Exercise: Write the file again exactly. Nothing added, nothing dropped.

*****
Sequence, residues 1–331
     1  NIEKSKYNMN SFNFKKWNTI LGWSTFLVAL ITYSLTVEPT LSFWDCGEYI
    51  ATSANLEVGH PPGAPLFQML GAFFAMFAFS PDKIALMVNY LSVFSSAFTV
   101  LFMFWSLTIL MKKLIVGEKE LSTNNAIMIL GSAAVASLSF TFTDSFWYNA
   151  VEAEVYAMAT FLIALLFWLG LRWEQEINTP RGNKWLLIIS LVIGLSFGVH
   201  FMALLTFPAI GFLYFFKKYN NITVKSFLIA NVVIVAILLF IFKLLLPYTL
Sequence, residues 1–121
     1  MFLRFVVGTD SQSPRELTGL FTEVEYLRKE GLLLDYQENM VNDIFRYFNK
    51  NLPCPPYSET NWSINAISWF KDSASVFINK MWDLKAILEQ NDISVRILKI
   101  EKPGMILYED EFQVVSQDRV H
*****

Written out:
Sequence, residues 1–331
     1  NIEKSKYNMN SFNFKKWNTI LGWSTFLVAL ITYSLTVEPT LSFWDCGEYI
    51  ATSANLEVGH PPGAPLFQML GAFFAMFAFS PDKIALMVNY LSVFSSAFTV
   101  LFMFWSLTIL MKKLIVGEKE LSTNNAIMIL GSAAVASLSF TFTDSFWYNA
   151  VEAEVYAMAT FLIALLFWLG LRWEQEINTP RGNKWLLIIS LVIGLSFGVH
   201  FMALLTFPAI GFLYFFKKYN NITVKSFLIA NVVIVAILLF IFKLLLPYTL
Sequence, residues 1–121
     1  MFLRFVVGTD SQSPRELTGL FTEVEYLRKE GLLLDYQENM VNDIFRYFNK
    51  NLPCPPYSET NWSINAISWF KDSASVFINK MWDLKAILEQ NDISVRILKI
   101  EKPGMILYED EFQVVSQDRV H